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  Library Treaties Non-Proliferation Treaty, Cluster 3 Canada, May 14, 1999

Cluster 3

Implementation of the Provisions of the Treaty Relating to the Inalienable Right of all Parties to the Treaty to Develop Research, Production and Use of Nuclear Energy for Peaceful Purposes

Mr. Chairman,

The Canadian delegation welcomes this opportunity to make a statement on the peaceful uses of nuclear energy.

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Canada's statement during the general exchange of views, clearly stated our continued and strong commitment to the NPT as the basis for international efforts to promote nuclear disarmament, nuclear non-proliferation and peaceful nuclear cooperation. This commitment to the NPT is the very foundation of Canada's most recent comprehensive policy statement on the nuclear challenge. This policy statement confirms that a primary objective of Canadian policy continues to be our engagement in international cooperation to promote the peaceful uses of nuclear energy. Canada firmly believes that this objective can only be achieved by the preservation and the enhancement of the authority and the integrity of the NPT. This, in turn, is the object of the Strengthened Review Process. It is Canada's position that a central element of a Strengthened Review process must be a Principles and Objectives 2000 document which incorporates those elements identified in the Canadian Working Paper No.PC.III/2. Many of the Principles and Objectives identified in this document relate directly to the Peaceful Uses of Nuclear Energy.

Canada has a well established nuclear industry; we are a major nuclear supplier and exporter, providing a wide range of nuclear-related goods from uranium to CANDU nuclear power plants to radioisotopes for medical and industrial uses. The significant mutual benefits of our extensive bilateral nuclear cooperation have been possible because of Canada's and its nuclear partners' demonstrated commitment to the NPT. Quite simply, the NPT provides a vital base for such cooperation and the many benefits thereby obtained.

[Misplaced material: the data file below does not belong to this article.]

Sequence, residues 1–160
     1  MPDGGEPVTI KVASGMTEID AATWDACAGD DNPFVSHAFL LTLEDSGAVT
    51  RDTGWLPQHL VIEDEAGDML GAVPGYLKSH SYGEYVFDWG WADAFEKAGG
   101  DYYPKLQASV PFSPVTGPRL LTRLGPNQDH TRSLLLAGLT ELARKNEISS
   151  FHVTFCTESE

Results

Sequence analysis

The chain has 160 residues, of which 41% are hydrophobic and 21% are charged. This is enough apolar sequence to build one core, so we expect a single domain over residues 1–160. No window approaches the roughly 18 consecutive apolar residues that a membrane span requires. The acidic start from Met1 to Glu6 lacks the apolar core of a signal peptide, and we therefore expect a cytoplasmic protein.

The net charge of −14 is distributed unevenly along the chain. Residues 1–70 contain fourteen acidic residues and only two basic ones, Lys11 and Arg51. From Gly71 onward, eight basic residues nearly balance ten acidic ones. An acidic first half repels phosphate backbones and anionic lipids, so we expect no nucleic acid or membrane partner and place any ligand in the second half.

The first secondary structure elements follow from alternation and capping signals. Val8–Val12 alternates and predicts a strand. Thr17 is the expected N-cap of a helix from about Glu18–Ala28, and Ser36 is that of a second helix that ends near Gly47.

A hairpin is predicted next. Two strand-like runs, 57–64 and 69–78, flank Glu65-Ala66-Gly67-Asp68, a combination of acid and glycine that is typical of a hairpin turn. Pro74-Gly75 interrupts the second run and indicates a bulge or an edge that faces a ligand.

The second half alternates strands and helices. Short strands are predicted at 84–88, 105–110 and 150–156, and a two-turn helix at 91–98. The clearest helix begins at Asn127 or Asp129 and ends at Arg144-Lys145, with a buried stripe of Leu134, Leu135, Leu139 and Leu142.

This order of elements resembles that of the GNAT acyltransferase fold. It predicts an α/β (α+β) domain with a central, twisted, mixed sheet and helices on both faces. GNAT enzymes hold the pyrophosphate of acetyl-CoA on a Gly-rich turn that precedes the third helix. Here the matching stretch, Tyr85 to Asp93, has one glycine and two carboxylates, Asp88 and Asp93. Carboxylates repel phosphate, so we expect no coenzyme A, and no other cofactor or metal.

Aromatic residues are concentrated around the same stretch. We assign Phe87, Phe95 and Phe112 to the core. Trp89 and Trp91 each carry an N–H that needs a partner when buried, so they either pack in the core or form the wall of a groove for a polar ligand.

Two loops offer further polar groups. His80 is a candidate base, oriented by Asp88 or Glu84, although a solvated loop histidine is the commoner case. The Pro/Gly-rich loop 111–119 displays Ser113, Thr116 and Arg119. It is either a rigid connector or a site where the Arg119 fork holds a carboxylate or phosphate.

As well as our bilateral nuclear cooperation, on a multilateral basis Canada remains a strong supporter of the IAEA. We firmly believe that the IAEA has a central role to play in the promotion of the safe use of nuclear technology, in ensuring that undertakings related to the peaceful uses of nuclear energy are implemented, and in assisting its Member States, particularly its developing Member States, in the peaceful uses of nuclear technology.

In our view, the IAEA has done a commendable job in its response to these objectives. For example, advances have been made in the application of safeguards to the point where we are about to enter into a new safeguards era where the focus will be on ensuring that there is credible assurance of no undeclared activities; technical cooperation and assistance is now being more sharply focused on responding to developing Member States needs mainly through the introduction and implementation of Model Projects; and, the Agency played a vital role in facilitating the international convention on nuclear safety and the first peer review meeting which was held in Vienna just last month.

However, the current reality is that more needs to be done. New priorities need to be set; priorities that relate to the issues that we are now or will soon be facing.

Mr. Chairman,

In this regard, the Canadian delegation wishes to highlight the following issues which, in Canada's view, are highly relevant and timely:

Physical Protection of Nuclear Material: Canada believes that the Convention on the Physical Protection of Nuclear Material is in need of strengthening in a manner which takes into account various country site-specific considerations.

Radioactive Waste: The safe and effective management of spent fliel and radioactive waste is becoming an increasing priority, especially if issues related to public acceptance are to be successfully addressed.

Illicit Trafficking of Nuclear Material: The potential consequences of not continuing to address this issue are unthinkable. In Canada's view, this issue must be addressed continuously on a priority basis.

Nuclear Safety: Canada encourages all countries and particularly those with nuclear power programs to join the convention on nuclear safety.

Mr. Chairman,

Canada believes that the above issues, as well as several other valuable concepts, need to be reflected in a new Principles and Objectives document for 2000 and they are included as such in our proposal that is contained in document PC.11112. In our view, agreement on these new Principles and Objectives will demonstrate a strong desire to enhance the peaceful uses of nuclear energy. Our collective will to respond to these in a meaningful way will yield benefits to all.

Thank you.